Raymond Snoddy judges the award for top U-turn newspaper of the year.
The UK government has been criticised, rightly, for changing its mind and embarking on dramatic U-turns in its the response to the Covid-19 virus on an almost weekly basis.
To give just one obvious example, not so long ago it was vital for the sake of the economy and civilisation as we know it to get everyone back to work and into the office, in order to save our sandwich bars and city-centre dry-cleaners. Now it’s back to working at home.
That’s nothing. Many newspapers have so perfected the art of the flip-flop over many years that they can perform the perfect U-turn within 24 hours and keep it up as long as required.
There are many candidates for top ‘U-turn Publisher of the Year’, but certainly The Sun has unsurprisingly taken an early lead.
The front page of Tuesday’s Sun – ‘Bad News At Ten’- reported the body-blow to readers that pubs and restaurants would have to close at 10pm.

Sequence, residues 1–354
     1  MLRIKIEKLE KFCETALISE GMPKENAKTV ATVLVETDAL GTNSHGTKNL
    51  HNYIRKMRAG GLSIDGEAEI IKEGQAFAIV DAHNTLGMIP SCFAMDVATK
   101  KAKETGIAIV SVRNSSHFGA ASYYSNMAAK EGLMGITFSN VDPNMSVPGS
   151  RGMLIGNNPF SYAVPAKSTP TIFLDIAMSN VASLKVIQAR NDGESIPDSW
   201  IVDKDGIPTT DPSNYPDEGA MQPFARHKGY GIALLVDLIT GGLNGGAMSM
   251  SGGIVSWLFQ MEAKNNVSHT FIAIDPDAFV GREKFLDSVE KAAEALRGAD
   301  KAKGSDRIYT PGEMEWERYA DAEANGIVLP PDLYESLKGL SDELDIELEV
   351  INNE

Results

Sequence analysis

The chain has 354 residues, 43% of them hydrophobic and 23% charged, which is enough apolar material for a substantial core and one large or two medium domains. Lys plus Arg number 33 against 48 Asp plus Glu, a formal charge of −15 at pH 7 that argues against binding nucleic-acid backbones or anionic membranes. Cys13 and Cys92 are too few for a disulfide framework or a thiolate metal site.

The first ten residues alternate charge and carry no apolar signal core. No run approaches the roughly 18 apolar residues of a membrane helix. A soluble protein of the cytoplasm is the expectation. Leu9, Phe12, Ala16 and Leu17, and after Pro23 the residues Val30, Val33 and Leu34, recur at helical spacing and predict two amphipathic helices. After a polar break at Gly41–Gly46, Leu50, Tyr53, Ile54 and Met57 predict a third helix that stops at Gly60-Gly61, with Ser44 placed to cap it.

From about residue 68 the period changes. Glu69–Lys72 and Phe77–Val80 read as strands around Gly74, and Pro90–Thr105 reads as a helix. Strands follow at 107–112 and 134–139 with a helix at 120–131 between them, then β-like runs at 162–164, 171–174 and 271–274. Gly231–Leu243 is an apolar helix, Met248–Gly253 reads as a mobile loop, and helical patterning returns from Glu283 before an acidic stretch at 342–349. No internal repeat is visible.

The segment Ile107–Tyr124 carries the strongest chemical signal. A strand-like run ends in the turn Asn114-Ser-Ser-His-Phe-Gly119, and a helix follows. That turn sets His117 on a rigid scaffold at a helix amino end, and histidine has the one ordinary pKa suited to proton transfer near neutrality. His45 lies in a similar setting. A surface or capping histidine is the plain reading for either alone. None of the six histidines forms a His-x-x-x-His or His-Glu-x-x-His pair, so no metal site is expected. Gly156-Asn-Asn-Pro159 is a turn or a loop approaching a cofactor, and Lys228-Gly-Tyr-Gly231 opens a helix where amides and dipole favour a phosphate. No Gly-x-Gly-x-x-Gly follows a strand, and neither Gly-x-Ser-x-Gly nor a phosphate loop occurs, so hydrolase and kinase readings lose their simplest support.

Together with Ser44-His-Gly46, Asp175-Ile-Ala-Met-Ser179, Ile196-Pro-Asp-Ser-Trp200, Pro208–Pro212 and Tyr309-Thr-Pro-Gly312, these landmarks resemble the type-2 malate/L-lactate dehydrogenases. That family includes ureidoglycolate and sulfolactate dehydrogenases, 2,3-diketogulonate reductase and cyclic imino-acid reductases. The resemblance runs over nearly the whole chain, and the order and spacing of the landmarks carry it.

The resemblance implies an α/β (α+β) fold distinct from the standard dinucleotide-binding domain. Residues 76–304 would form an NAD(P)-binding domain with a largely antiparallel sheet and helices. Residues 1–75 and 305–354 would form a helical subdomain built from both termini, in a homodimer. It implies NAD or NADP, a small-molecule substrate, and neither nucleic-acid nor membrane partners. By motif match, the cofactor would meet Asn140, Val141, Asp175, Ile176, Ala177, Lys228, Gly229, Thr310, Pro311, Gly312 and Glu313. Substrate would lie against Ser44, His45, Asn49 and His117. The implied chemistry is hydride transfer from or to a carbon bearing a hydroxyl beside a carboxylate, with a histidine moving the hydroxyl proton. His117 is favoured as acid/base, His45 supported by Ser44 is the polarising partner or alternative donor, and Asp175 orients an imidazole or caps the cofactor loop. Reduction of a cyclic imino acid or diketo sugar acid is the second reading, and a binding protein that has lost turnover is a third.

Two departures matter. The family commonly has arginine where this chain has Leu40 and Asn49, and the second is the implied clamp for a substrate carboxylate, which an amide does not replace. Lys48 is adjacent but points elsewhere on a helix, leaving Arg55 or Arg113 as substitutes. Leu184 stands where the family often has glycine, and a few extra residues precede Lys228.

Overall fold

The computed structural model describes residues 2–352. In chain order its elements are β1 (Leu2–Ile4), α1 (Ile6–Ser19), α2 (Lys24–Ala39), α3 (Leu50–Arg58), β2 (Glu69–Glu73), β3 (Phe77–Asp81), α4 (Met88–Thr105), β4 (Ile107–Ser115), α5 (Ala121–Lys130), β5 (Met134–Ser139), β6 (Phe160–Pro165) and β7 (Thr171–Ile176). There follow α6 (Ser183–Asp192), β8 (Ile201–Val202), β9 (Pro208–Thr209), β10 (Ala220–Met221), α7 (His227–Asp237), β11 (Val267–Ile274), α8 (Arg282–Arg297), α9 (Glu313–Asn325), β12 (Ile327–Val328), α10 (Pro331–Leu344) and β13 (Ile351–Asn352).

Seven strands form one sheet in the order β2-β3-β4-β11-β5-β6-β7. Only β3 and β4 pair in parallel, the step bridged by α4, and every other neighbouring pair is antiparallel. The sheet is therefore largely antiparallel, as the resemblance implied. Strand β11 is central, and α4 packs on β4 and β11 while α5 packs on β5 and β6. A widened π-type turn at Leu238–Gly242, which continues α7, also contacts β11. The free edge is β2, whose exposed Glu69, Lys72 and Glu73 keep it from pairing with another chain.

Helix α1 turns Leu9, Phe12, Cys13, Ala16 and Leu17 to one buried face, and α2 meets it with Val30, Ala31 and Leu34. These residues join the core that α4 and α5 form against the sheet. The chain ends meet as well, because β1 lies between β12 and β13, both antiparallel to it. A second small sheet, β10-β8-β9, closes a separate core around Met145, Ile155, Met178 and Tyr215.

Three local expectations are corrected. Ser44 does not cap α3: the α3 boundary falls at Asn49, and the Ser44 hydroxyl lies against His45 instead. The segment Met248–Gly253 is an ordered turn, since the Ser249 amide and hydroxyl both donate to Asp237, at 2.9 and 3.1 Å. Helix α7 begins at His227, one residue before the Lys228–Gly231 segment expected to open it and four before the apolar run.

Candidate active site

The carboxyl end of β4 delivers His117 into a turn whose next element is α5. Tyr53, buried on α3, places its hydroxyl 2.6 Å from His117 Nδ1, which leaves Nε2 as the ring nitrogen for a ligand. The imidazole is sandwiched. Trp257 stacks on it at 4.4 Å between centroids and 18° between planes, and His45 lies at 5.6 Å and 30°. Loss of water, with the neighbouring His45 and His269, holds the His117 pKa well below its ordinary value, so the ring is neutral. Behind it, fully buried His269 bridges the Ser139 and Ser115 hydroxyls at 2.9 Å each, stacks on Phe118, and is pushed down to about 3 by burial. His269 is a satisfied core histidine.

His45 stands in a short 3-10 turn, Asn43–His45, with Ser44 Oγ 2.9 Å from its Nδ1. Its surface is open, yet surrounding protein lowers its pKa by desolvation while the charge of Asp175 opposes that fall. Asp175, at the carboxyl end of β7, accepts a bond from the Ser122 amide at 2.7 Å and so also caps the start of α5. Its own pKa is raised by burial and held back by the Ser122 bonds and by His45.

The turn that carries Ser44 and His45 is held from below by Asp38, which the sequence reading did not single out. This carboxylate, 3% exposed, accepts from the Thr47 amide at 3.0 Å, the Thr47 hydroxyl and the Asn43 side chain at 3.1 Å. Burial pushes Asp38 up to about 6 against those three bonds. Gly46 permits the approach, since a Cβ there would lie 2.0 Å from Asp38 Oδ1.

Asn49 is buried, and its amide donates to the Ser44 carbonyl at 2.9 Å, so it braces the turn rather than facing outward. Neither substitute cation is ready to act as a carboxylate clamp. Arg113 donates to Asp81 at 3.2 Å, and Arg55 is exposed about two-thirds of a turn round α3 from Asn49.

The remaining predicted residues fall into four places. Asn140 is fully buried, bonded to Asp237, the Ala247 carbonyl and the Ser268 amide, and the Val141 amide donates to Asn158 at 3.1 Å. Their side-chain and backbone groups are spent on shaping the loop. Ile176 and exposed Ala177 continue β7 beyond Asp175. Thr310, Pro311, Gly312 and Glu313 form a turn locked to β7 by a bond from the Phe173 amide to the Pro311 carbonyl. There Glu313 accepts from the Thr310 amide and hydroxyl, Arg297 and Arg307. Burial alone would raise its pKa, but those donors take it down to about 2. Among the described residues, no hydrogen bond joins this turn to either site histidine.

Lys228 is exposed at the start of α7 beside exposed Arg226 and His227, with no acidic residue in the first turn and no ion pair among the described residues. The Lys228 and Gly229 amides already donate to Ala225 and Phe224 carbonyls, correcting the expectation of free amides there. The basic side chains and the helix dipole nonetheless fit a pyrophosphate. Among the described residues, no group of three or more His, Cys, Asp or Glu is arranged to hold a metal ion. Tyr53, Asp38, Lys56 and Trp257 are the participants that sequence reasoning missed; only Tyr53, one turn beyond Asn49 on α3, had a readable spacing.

But it was the big double-page spread across pages six and seven that suggested how The Sun really felt.
Under the headline ‘Doom & Doomer’, the serious faces with speech bubbles of Sir Patrick Vallance “ –the vast majority of people remain susceptible to the virus” – and Professor Chris Whitty “ –in a very bad sense, the country has turned a corner”, dominated the spread.
The “doom-laden TV address” was the one which warned that, unless the UK urgently changed course, the number of cases could rise to 50,000 by 13 October, with 200 deaths a day.
The language of the layout was clear. These scientists were doom-mongers and indeed they clearly wanted to go much further than the Prime Minister.
“But nothing in the speculative, doom-laden charts Chris Whitty and Patrick Vallance offered up yesterday remotely justifies a repeat of the freedom-crushing restrictions imposed in March,” argued The Sun editorial.
One day later, it's “We’re ALL in this…TOGETHER” - and the Sun is back in line, supporting Boris Johnson with his TV address that was,“perfectly judged for these dark times” and one that would win back some of the doubters.
There was, however, a barb. The Sun is troubled that Boris is clutching at two straws, a vaccine and near-instant mass testing - neither of which yet exist.